Take our virtual cannabis-focused sales bootcamp for high revenue potential
Updated: Apr 19, 2022
The cannabis industry is vastly expanding as more states legalize medical and recreational marijuana. This presents a great opportunity for local media outlets to partner with marijuana brands and dispensaries on engaging content marketing.
The Meta Branded Content Project just finished a four-week cannabis-focused sales bootcamp highlighting successful content sales strategies in this lucrative industry. We are excited to have all four weeks of calls here for you to catch up on anytime, so you can start taking advantage of all that we've learned at your own pace.
We started with the basics of branded content and then delved into content creation and distribution on social media channels.
Our biggest piece of advice this week was to always check with your organization's legal team before publishing any cannabis-related advertising and content. Each state has unique laws in this space, and it's important to clarify what you legally can and cannot do.
We brought on LMA's Director Of Technology for the Knight x LMA BloomLab Apryl Pilolli who explained the ever-changing rules with Facebook. She said in the last several months, Meta has lifted some of their restrictions, making it easier to present cannabis content on its platform.
"They were much stricter on what they would allow on their ad policies, and they've opened it up a good deal recently, as things have been becoming more and more legalized," she said.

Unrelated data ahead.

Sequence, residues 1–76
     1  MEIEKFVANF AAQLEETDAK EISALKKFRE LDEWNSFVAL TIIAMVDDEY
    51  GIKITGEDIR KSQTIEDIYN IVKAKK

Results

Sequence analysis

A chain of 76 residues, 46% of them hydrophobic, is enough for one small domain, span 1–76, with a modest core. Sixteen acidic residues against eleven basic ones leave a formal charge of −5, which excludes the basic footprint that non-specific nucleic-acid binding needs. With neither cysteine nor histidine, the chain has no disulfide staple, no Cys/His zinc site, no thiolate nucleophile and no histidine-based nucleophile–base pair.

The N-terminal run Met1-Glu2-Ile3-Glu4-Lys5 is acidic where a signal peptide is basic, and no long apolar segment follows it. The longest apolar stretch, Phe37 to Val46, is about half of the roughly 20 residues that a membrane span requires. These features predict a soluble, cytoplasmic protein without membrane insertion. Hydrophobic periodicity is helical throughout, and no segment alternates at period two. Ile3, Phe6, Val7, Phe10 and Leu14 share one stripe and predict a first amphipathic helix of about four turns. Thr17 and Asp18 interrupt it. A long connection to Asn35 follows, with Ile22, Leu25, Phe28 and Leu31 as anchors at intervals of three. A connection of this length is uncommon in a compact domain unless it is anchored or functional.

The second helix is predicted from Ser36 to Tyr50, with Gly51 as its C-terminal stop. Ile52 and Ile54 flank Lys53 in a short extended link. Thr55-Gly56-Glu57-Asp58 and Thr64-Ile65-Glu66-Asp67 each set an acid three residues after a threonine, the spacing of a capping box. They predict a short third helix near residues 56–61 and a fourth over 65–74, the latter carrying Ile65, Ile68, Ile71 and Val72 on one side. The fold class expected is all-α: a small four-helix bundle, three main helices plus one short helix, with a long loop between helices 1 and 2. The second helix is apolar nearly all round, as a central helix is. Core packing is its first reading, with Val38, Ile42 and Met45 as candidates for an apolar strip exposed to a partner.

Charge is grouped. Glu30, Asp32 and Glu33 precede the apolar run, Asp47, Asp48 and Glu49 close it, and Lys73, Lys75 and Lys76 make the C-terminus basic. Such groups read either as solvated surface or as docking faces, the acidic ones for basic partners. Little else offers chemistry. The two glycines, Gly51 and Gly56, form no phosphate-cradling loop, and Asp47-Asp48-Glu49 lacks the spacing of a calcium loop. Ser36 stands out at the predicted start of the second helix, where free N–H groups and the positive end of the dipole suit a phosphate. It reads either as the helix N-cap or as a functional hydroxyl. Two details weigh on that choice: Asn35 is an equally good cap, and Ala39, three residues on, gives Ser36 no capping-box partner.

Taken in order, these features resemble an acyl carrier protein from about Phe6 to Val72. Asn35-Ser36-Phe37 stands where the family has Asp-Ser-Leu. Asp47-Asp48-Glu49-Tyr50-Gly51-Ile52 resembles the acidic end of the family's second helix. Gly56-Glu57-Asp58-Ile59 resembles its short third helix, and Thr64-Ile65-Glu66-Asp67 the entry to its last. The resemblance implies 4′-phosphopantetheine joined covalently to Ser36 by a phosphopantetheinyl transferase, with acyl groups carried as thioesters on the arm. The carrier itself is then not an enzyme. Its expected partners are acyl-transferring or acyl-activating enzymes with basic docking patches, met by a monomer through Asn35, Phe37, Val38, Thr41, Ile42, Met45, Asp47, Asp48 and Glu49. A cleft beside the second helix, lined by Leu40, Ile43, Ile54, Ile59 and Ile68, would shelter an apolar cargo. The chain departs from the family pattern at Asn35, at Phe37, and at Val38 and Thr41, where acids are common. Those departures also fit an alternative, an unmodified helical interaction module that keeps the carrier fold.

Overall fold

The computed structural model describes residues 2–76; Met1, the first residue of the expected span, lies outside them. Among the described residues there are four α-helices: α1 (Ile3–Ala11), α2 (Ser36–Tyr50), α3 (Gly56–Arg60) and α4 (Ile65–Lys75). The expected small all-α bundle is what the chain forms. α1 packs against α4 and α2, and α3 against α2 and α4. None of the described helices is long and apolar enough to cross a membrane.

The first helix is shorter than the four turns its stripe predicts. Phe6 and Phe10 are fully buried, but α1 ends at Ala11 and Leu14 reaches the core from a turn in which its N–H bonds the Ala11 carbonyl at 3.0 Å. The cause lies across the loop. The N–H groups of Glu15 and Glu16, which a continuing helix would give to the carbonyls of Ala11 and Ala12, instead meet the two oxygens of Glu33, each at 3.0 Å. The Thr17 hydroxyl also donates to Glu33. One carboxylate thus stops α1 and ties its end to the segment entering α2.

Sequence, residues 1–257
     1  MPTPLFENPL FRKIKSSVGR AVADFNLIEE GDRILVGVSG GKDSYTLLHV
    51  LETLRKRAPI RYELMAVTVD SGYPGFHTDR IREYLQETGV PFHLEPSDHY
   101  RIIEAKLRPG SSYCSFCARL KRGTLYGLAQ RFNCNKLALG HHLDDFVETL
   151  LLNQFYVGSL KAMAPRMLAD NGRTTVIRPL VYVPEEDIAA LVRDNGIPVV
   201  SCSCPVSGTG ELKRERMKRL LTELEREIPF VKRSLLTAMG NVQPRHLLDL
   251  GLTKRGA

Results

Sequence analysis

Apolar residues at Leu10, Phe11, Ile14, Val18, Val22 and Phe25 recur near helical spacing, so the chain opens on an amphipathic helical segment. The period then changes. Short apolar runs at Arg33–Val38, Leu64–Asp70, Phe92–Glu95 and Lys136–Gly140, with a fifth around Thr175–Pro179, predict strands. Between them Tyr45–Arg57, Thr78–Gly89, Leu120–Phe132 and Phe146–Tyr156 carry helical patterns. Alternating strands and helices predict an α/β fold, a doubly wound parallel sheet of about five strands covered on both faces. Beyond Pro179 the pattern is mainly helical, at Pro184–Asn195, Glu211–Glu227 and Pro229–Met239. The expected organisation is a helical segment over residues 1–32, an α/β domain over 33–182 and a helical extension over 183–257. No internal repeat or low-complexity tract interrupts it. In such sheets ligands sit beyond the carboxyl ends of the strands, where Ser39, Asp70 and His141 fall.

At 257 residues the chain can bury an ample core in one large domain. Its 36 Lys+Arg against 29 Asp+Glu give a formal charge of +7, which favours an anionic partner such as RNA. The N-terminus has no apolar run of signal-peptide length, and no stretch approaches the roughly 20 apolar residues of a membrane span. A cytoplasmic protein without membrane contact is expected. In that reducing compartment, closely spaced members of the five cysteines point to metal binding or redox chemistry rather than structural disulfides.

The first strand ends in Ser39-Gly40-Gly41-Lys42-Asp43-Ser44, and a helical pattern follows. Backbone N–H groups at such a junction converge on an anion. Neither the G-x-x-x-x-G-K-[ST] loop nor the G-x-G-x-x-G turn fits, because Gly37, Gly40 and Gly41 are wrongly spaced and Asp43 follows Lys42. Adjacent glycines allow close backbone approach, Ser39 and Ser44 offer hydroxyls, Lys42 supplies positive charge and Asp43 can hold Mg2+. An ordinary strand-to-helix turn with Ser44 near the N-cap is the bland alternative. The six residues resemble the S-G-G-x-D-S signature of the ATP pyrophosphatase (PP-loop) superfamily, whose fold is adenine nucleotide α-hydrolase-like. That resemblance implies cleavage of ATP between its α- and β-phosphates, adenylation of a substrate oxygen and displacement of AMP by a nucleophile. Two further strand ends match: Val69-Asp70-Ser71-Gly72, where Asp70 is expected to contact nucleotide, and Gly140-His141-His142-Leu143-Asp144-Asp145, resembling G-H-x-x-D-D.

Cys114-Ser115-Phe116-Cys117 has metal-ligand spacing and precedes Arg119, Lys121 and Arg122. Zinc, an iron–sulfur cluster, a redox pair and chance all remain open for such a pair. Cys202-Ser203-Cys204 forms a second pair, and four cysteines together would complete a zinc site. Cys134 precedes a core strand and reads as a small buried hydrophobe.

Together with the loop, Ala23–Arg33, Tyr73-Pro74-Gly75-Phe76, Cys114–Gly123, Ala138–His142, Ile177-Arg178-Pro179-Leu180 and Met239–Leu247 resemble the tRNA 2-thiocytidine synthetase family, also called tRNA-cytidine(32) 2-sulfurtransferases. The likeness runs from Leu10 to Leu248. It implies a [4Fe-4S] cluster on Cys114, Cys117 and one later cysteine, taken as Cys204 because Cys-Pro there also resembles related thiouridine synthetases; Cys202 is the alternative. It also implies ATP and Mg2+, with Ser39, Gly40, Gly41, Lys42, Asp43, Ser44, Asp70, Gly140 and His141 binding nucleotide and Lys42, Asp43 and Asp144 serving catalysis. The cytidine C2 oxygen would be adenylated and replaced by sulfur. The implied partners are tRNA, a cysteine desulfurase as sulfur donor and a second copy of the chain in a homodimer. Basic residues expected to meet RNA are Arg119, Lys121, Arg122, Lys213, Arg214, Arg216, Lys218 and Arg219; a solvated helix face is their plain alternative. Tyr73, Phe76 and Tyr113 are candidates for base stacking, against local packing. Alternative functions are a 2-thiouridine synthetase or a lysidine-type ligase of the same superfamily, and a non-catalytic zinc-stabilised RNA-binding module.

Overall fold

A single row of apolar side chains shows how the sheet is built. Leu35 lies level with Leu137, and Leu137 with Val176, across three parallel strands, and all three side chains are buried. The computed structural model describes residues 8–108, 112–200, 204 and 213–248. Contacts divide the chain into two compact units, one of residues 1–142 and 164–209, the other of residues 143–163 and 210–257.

She says because it's an automated system, your ad will likely be denied on the first try 90 percent of the time. She recommends always appealing that decision. Any marijuana or CBD focused content that is presented more like a news story, rather than an ad, will be allowed. So keeping your cannabis content educational and informative is a winning strategy.
"Anything that is about CBD, hemp or marijuana and it is a news angle is allowed. You can also promote the sale of topical hemp seed oil, things that are topical and you don't ingest is also allowed. Now if it is ingestible or if it's beyond hemp, if we're talking about CBD or marijuana, you cannot take out any ads related to that to promote the sale of it, you can provide information and stories and benefits."
News organizations should register as a news page on Facebook which will help with ad approvals. If you haven't done so, you can find more information on how to do that here.
We also heard from Hilal Bahcetepe, ad operations specialist at Distributed Media Lab, who has spent years writing about the cannabis industry. While stressing always talking to legal (this is important!), she recommends focusing on your audience and demographic when deciding what type of cannabis content to create.
"If you have a younger demographic, I'm sure it'll be easier to market that content to younger audiences. But if you have an older audience, maybe it's better to kind of go with content that's a little bit more approachable, like CBD or focusing on products that are not psychoactive," she said.
We challenged our boot campers to fill out our Week 1 Scorecard, which asked them what their news outlet would like to sell in this space, any current sales packages and what questions they may have.
Grant has had a great run with sponsored series from the Meta Branded Content Project, particularly Cannabis Weekly, a lifestyle series covering interesting facts and cannabis lifestyle topics.
"We started selling this product a little more than a year ago and we had an immediate positive response from the marketplace," Grant said.
Because Great West Media is located in Canada and cannabis was recently legalized there, Grant knew it was an amazing opportunity to bring this content to potential clients who were eager to attach their brands to quality cannabis content.
"So they were excited by this because they see it as an opportunity to reach their target audience, people who are interested in reading about cannabis, the different strains, the different products available," she said.